Dentofacial Aesthetics: Botox can also be used in a lip deformity where the lip raises more on one side than the other. It is also used in the treatment of "black triangles" which is a common and challenging aesthetic problem. Dermal fillers can be injected into the interdental papilla to plump it and close the interdental space. Treatment outcome usually last for eight months or longer after which the treatment needs to be repeated.

Dental Implant and Other Oral Surgery: Overloading of the muscles of mastication can prevent the osseointegration of implants and/or fracture callus formation. (14) The muscular relaxation achieved with botulinum toxin type A injections to the masticatory muscles can be therapeutically beneficial and will allow better osseointegration and fracture healing in a more stable environment.

Botox and Periodontal Diseases: Recent studies indicate there is a strong relationship between stress, depression and periodontal disease. Stress and depression can reduce the immune system and facilitate chronic inflammation, mediated through the hypothalamic-pituitary adrenal axis. Furthermore, in April 2009, Dr. Michael Lewis an experimental psychologist at Cardiff university wales found the patients who have their from lines treated with Botox tend to be happier.

This result was not related solely to the satisfaction they gained from a perceived improvement in their appearance as patients who had other types of facial enhancement procedures performed did not have the same change in their "happiness rating". It would appear that our emotions are reinforced, perhaps even derived by our corresponding facial expressions and that decreasing our ability to scowl or from results in a more positive mood. Though its influence on depression, Botox treatment may affect the health of the periodontium.

Bruxism: Treating severe bruxism with botulinum A helps limit the over-function of the muscles responsible for chewing. The treated muscles typically display a partial reduction in over-function within 2-3 days with maximal reduction 1-2 weeks after treatment. (15) One of the earliest reports on use of botulinum toxin type A for bruxism was by Van Zandijcke and Marchau (16) who described the successful treatment of a brain-injured patient with severe bruxism with 100 U of a botulinum toxin type A injections to the temporalis and masseter muscles.

Temporomandibular Disorders: Temporomandibular disorders are often intermingled with other chronic pain disorders including fibromyalgia, chronic fatigue syndrome or tension type headache. These symptoms can originate from the tissues of the joints themselves or the related musculature. Botulinum toxin can be a useful adjunct, especially in cases involving muscular hyperactivity. It also the treatment of dystonia, masticatory muscle hyperfunction, myofascial pain and to some extent, bruxism (17-19) Similarly it can act as an adjunct to appropriate physical therapy in some cases of whiplash injury. (20)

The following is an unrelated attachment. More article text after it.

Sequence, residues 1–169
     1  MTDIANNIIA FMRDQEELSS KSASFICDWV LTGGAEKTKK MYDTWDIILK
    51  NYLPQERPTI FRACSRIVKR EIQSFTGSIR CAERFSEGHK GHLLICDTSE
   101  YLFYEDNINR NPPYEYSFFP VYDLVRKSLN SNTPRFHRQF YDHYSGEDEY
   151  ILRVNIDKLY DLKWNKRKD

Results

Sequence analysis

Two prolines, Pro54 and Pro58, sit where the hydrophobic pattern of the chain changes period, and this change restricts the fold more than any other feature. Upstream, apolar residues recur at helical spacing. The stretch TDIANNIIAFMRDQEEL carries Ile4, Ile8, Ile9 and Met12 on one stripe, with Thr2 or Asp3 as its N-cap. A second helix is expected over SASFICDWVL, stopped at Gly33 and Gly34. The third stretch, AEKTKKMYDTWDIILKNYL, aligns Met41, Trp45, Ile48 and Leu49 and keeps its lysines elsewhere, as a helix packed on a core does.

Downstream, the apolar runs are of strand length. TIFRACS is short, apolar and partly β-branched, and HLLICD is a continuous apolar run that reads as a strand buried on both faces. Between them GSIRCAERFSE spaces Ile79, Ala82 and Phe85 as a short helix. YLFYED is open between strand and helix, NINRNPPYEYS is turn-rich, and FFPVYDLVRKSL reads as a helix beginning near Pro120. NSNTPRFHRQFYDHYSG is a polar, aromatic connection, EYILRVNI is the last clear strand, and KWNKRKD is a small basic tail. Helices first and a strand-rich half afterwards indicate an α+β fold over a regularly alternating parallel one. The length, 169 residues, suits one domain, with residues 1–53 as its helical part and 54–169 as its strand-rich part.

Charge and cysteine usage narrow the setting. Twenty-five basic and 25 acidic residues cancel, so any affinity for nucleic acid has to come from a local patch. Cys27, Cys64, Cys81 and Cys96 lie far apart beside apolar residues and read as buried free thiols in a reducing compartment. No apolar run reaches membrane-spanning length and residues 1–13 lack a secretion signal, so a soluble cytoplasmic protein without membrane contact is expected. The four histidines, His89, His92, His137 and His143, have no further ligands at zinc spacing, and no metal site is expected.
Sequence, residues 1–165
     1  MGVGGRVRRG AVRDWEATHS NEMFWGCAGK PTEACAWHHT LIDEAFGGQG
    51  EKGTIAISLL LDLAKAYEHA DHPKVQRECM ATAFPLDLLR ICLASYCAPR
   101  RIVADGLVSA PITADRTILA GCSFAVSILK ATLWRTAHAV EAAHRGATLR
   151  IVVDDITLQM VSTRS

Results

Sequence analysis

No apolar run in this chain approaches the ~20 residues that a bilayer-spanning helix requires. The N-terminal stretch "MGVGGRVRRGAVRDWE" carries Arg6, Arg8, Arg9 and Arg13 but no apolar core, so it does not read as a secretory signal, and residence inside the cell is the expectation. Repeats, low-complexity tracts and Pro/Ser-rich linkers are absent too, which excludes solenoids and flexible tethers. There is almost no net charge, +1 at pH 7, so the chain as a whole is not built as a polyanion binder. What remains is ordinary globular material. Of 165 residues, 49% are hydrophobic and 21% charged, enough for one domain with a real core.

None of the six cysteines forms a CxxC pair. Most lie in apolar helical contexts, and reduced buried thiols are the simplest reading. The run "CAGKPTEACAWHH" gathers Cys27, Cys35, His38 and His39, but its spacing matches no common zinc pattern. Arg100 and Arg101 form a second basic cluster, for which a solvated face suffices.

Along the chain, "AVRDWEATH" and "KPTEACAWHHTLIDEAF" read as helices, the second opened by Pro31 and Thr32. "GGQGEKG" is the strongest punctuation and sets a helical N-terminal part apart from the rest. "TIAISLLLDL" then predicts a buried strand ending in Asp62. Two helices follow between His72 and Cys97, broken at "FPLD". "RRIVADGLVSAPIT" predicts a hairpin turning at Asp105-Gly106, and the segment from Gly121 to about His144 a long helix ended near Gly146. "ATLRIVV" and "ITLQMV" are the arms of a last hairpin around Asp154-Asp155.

Masseteric Hypertrophy: Patients who are chronic jaw clinchers frequently present with masseter hypertrophy. (21) In several small but well-documented clinical trials, the injection of small aliquots (e.g., 30 U per side) of Botox into the masseter muscles resulted in a sustained reduction of masseter hyperactivity. (22-24) Over time, in most patients, reduction in masseter hyperactivity has been found to yield a concomitant reduction in gross masseter size (maximum reduction 35.4%). (21)

Mandibular Muscle Spasm: Botulinum toxin treatment to the masticatory musculature diminishes the effects of hyperfunctional or spastic muscles. (25)

Oromandibular Dystonia: Oromandibular dystonia (OMD) is a movement disorder characterized by involuntary spasms and muscle contractions. Studies have reported improvement with botulinum toxin injections. (26) Botulinum toxin A was injected into the masseters and/or the submental is complex. Improvement in function for chewing and speaking was reported in 67.9% of the patients, and mean duration of clinical improvement was 16.4 [+ or -] 7.1 weeks.

Pathologic Clenching: Botulinum toxin a limits the muscle contraction, and this reduction in clenching intensity will allow better reattachment of gum and bone after trauma. It can also limit clenching before and after periodontal surgery to improve healing. Further, in this application, the use of a splint is often contraindicated because the teeth should be functional during healing, so botulinum toxin acts as a pharmaceutical splint.

Orofacial Pain Disorders: Although research is still ongoing, there may be a place for it in the management of some forms of headache, migraine and tension type in particular where the more common therapeutic modalities have been unsuccessful. (27, 28)

OTHER USES:

* Sialorrhea: Botulinum toxin can block cholinergic parasympathetic secretomotor fibers of the salivary gland. Hence, botulinum toxin has been tested in some autonomic disease, such as achalasia, hyperhidrosis and gustatory sweating (Frey syndrome). (29)